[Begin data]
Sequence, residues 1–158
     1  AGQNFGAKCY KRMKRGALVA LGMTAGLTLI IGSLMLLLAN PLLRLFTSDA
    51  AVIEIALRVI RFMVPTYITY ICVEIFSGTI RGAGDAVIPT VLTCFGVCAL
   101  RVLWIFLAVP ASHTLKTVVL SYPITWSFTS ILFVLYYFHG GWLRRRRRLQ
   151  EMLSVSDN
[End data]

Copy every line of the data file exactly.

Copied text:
Sequence, residues 1–158
     1  AGQNFGAKCY KRMKRGALVA LGMTAGLTLI IGSLMLLLAN PLLRLFTSDA
    51  AVIEIALRVI RFMVPTYITY ICVEIFSGTI RGAGDAVIPT VLTCFGVCAL
   101  RVLWIFLAVP ASHTLKTVVL SYPITWSFTS ILFVLYYFHG GWLRRRRRLQ
   151  EMLSVSDN